Dorsey: Page vs. stageWritten by John Dorsey | | email@example.com
Recently, a war of words has been raging in many of our city’s hottest literary venues, leaving many local bards with one burning question: Are traditional poetry and spoken word two different mediums or can they meet somewhere in the middle to create a lasting legacy of creativity?
The entire page versus stage debate is nothing new; my guess is that Shakespeare was faced with the same question long before Saul Williams competed in his first slam. While I have always believed that if something isn’t fit for the page it has no place being performed, I’ll admit it can be something of a gray area at times.
For many people, the mere mention of poetry can be a real yawn. I can relate — I’ve nearly fallen asleep at a few readings myself. But I do think that the art form tends to get a bad rap overall.
There are plenty of examples of verse that are both sound pieces of writing and examples of quality entertainment, both locally and around the globe. One of our area’s newest shining examples, Bowling Green’s “urban nu-sense,” presents the outlet. The monthly spoken word series at the Cla-Zel Theatre showcases a wide array of talented feature performers, as well as an open mic. The event, which is being organized by Natural, who formerly co-hosted the Mano’s Back Porch as a member of the nu-mutants, also offers art exhibitions and a much-needed publishing opportunity for local authors in the form of a collective magazine known as “The Rant.” The next reading at the Cla-Zel is set for Nov. 10.
Other regional venues that offer both poetry and spoken word: Simply Poetry at Brooklyn’s Daily Grind, the Village Voice at the Ground Level Coffee House and the Collingwood Arts Center Tuesday Series. I’m sure there are a number of other great venues that slip my mind right now — they’ve been springing up all across the city lately.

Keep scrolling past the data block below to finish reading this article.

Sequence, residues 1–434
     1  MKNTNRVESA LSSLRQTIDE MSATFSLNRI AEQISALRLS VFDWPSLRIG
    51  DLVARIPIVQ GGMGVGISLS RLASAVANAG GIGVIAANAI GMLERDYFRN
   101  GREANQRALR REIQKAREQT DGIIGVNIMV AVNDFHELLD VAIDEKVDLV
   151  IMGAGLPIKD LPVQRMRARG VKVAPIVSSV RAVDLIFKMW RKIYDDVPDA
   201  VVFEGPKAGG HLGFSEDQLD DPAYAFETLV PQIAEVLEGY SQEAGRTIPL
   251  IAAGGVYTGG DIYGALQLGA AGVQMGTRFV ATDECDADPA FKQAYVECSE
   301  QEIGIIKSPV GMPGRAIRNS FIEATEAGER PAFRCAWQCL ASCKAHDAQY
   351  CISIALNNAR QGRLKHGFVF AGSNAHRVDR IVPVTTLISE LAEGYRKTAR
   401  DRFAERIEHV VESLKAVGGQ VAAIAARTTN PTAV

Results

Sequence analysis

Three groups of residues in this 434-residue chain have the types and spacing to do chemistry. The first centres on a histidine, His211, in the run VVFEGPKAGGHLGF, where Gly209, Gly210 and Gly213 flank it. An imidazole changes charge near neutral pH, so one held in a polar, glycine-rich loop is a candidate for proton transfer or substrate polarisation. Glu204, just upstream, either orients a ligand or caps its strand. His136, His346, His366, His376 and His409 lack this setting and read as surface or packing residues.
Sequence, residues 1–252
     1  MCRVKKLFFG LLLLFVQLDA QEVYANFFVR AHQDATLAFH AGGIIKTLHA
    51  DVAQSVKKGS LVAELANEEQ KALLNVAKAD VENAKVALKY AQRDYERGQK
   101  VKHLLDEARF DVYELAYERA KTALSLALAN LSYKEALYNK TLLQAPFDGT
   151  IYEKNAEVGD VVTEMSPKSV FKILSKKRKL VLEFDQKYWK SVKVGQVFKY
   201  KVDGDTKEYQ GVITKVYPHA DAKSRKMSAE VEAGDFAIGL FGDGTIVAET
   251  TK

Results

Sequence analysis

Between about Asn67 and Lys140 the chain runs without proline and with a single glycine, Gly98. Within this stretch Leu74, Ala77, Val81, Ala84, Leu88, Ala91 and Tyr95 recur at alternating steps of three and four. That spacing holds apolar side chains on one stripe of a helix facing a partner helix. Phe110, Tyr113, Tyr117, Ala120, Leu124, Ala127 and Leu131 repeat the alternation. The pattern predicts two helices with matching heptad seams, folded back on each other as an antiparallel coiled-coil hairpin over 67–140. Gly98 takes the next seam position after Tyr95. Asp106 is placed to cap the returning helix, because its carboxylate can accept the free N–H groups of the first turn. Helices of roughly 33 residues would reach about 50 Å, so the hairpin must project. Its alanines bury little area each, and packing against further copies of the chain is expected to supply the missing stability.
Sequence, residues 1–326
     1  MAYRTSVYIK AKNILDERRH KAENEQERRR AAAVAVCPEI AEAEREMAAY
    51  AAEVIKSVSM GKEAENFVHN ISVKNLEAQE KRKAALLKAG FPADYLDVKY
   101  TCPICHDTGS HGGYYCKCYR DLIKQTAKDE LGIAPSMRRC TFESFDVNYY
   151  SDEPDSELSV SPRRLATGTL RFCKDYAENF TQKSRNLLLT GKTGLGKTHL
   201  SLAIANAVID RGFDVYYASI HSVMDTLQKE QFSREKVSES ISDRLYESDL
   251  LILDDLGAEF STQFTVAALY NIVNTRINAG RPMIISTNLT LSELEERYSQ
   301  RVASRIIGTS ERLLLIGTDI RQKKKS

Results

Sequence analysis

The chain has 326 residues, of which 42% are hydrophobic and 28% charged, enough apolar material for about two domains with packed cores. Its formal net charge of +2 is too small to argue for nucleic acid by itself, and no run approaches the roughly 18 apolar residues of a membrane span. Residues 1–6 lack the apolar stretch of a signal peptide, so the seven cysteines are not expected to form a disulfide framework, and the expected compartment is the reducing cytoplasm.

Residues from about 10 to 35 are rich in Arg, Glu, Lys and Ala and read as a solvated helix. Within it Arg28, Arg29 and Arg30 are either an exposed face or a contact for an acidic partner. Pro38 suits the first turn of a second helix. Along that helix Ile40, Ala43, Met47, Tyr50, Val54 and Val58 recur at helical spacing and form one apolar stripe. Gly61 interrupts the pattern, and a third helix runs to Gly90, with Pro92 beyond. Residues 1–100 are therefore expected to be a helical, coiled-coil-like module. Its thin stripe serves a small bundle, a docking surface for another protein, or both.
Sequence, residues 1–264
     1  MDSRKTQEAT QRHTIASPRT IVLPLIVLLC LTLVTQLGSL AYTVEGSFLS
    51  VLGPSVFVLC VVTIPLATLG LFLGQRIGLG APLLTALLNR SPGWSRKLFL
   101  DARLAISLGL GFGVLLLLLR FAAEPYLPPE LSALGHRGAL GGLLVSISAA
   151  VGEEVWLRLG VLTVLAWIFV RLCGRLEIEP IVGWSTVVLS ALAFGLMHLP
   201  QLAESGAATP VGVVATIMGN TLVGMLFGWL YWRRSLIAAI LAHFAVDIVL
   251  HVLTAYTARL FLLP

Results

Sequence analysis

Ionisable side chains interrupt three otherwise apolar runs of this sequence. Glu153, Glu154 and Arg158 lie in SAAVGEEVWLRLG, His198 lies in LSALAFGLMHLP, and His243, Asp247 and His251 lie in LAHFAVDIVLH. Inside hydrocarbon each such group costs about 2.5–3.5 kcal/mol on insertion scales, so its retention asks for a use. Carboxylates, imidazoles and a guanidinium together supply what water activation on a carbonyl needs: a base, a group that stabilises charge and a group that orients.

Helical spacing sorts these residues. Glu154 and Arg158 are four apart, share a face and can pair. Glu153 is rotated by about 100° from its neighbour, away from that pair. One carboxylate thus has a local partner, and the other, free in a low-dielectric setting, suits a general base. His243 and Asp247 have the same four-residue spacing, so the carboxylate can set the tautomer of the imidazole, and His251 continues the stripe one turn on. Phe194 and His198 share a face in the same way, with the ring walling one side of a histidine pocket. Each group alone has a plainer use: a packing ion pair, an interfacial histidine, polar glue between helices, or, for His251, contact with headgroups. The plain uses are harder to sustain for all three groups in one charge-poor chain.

Just what makes a piece of writing great entertainment and great literature, I hear you ask? My gut tells me it is a piece you can find enjoyable in any form. By contrast, there are plenty of songs I love listening to that happen to have lyrics that read like bad poetry — while they function as music, literary excellence they aren’t.
Why do I find this whole subject so important? Why does it continue to be such a hot topic?
Many authors tend to use the ability to separate the two forms as a crutch, so they don’t even try to master both forms — and what’s worse, many spoken word performers use this as an excuse not to be well-read, which gets especially under my skin. If you won’t read poetry, you have no business writing it — period.
I myself spent a number of years wandering around Toledo’s bar scene reading and selling books out of a bag in unlikely places like Manhattan’s and The Bronze Boar. In fact, I paid my rent that way with the support of local bands that would often let me read between sets, and I couldn’t have done it without being able to write and perform. Having read a few books really did come in handy when talking to buyers.
What do you think? I know it may seem like a tall order to ask poets to multitask, but it seems criminal not to try.
Here are just a few renowned poets that I would take over the latest bubblegum pop princess any day of the week.
- Taylor Mali, author, “What Learning Leaves”
- Ellyn Maybe, author, “Walking Barefoot in the Glassblowers Museum”
- Jeffrey McDaniel, author, “Splinter Factory”
- Nicole Blackman, author, “Blood Sugar”
- Vachel Lindsay, author, “The Congo and Other Poems”
- Jack Micheline, author, “River of Red Wine”
Until next time … keep your pencil sharp.
John Dorsey resides in Toledo’s Old West End. His work is widely published and has been nominated a number of times for the Pushcart Prize including in the most recent competition.